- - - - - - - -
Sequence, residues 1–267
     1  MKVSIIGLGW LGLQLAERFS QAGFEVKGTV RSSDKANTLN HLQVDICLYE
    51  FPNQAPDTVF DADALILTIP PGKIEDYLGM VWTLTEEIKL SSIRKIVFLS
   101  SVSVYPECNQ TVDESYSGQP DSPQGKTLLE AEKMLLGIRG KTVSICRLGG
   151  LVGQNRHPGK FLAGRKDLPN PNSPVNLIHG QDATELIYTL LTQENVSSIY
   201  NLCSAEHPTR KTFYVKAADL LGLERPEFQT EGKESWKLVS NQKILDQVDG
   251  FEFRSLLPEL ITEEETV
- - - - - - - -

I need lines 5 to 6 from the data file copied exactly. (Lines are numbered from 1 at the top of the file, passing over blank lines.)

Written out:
   151  LVGQNRHPGK FLAGRKDLPN PNSPVNLIHG QDATELIYTL LTQENVSSIY
   201  NLCSAEHPTR KTFYVKAADL LGLERPEFQT EGKESWKLVS NQKILDQVDG